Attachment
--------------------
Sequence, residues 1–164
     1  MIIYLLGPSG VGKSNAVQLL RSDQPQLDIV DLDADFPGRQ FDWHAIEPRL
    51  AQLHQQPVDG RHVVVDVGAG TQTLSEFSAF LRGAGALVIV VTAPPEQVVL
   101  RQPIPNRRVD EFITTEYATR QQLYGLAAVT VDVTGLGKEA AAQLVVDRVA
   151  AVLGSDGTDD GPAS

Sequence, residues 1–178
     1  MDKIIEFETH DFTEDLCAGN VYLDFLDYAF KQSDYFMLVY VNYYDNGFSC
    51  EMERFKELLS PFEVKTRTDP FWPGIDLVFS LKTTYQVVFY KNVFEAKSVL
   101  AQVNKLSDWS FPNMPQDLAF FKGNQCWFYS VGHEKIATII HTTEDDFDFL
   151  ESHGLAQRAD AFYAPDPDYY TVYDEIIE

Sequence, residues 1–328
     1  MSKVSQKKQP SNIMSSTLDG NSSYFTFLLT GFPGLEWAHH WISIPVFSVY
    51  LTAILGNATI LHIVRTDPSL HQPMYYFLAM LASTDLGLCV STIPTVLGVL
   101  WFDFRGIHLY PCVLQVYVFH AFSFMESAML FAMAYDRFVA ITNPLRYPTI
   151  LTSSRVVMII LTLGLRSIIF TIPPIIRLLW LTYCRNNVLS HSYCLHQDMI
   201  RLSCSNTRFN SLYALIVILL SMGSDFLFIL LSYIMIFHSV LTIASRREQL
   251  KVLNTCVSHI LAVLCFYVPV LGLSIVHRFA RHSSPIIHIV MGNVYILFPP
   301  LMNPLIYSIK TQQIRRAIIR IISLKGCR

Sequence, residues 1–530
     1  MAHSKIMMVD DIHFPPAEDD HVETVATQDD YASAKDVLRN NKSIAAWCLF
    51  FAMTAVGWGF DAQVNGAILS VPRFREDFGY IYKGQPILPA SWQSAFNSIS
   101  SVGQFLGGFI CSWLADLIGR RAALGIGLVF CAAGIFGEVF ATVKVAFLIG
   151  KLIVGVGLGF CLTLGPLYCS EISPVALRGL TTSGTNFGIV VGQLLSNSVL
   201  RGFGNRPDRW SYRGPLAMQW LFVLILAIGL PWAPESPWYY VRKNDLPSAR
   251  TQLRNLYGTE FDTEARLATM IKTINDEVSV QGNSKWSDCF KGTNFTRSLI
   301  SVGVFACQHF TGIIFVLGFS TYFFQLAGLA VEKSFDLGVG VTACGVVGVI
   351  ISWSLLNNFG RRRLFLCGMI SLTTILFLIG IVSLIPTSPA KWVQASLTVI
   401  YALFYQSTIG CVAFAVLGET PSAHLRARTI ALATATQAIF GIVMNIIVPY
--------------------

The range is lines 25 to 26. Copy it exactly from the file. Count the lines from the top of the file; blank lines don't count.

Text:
   251  TQLRNLYGTE FDTEARLATM IKTINDEVSV QGNSKWSDCF KGTNFTRSLI
   301  SVGVFACQHF TGIIFVLGFS TYFFQLAGLA VEKSFDLGVG VTACGVVGVI